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A family behind the scenes

Posted: August 21, 2011 1:55 a.m.
Updated: August 21, 2011 1:55 a.m.

Josh von Badinski, left, and his brother Curt of View Factor Studios in Valencia are part of a family-operated business that manufactures camera support products for the cinema and television industries.

 

A family-owned and operated business, View Factor Studios is beginning to see success at the firm’s new location in the Valencia Business Center.

Run by three brothers, the youngest brother, 30-year-old Josh von Badinski, first had the idea for the business 11 years ago. But he didn’t really see his dream take shape until 2008.

Along with Curt, 36, and John, 37, and their mother Carol, who runs the business side of things, the brothers are celebrating their second month in the View Factor’s new home.

Catering to the film and television industries, View Factor focuses on innovation in making high-quality accessories that improve functionality for a camera user. 

The company’s equipment has been used by production companies filming HBO’s “True Blood,” as well as cinematographer Shane Hurlbut and Pulitzer Prize-winning photographer Vincent Laforet, Curt said.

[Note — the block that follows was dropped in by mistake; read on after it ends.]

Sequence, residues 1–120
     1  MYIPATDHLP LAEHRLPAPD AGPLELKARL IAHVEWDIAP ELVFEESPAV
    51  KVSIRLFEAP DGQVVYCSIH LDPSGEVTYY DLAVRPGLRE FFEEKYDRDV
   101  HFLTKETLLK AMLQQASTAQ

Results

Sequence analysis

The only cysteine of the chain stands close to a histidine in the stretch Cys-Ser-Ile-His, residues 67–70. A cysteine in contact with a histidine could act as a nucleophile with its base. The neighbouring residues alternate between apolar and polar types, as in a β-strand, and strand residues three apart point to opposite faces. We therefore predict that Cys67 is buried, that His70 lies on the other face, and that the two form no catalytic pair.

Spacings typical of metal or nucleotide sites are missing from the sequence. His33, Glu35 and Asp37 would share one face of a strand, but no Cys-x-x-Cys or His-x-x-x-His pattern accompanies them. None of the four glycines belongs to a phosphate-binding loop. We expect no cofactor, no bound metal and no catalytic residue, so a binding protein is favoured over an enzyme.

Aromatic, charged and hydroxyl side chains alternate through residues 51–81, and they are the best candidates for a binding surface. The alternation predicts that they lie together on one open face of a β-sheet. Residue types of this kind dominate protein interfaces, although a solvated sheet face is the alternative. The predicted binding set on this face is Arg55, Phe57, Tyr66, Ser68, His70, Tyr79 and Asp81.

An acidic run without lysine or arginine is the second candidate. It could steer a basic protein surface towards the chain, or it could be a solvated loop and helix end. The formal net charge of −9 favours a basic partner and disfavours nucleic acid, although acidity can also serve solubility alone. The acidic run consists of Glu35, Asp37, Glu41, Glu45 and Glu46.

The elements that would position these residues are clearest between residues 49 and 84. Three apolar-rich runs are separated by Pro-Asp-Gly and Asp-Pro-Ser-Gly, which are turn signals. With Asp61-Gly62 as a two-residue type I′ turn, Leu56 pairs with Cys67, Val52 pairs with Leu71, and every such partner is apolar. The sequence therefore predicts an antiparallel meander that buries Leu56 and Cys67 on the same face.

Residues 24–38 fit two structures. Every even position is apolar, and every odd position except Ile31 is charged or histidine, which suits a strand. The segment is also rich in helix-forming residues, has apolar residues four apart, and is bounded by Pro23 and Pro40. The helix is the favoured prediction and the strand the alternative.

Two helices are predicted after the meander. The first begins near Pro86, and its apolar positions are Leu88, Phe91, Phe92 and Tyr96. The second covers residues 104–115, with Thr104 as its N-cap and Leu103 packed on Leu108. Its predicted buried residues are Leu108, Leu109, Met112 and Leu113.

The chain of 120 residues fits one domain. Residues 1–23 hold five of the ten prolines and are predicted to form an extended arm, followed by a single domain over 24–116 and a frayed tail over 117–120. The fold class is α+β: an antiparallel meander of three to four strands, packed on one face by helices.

Apple also buys from the company, and its products were used in the last season of the television series “24,” he said.
“They got us in under the wire,” Curt said.

Remote products
The company’s very first product was the Origo Start and Stop “button,” a control device that allows cameras to be operated remotely.

With a background and degree in mechanical engineering, Curt is the brains behind a lot of the operation, according to Carol.

View Factor also designed and manufactures, the Contineo power cage.

The cage keeps a camera secure while filming, providing a number of mounting points for accessories and power cables. And it features a remote switch, with a battery meter, allowing the unit to be controlled from a distance.

The cage acts as a platform, with a brace allowing cinematographers and television camera operators to shoot while securely holding the camera in place, eliminating movement during filming.

The idea behind the cage is that by stabilizing it, you can now use the camera to make money, Curt said.

China failure
Along with the change in address, View Factor recently acquired a new machine that will allow the company to create high-volume production.

A $114,000 investment, the injection mold machine was delivered less than a week ago.

It was purchased to make the plastic parts for products that have been on back order for two-and-a-half years, after an unsuccessful attempt to manufacture the parts in China.

Now, View Factor Studios can fulfill all their back orders and presale commitments before accepting any further orders.

One of those products is the Follow Focus Motor, which attaches to a camera, hooking onto the lens, allowing the operator to control the camera from a distance comparable to the remote control of a toy car.

Originally, View Factor was sending their Follow Focus Motors overseas to be manufactured in China, Josh said. It just wasn’t working.